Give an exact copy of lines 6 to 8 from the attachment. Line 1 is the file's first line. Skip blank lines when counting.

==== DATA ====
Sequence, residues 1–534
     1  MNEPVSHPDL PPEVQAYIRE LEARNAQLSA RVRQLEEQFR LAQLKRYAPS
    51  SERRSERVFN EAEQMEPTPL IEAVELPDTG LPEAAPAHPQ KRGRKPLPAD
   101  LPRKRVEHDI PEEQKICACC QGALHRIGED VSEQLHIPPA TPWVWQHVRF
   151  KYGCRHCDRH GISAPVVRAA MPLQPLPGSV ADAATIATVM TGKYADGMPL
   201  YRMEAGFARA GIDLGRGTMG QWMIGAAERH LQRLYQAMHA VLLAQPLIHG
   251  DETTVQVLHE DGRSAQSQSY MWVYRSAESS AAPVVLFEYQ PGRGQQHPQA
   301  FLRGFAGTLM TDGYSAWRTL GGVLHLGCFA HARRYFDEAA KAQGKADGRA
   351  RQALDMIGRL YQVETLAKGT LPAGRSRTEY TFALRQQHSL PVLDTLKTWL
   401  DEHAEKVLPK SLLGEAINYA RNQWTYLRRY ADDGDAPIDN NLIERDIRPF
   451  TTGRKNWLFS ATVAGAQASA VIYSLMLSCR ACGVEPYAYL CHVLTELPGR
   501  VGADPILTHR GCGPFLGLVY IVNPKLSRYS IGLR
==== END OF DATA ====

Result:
   201  YRMEAGFARA GIDLGRGTMG QWMIGAAERH LQRLYQAMHA VLLAQPLIHG
   251  DETTVQVLHE DGRSAQSQSY MWVYRSAESS AAPVVLFEYQ PGRGQQHPQA
   301  FLRGFAGTLM TDGYSAWRTL GGVLHLGCFA HARRYFDEAA KAQGKADGRA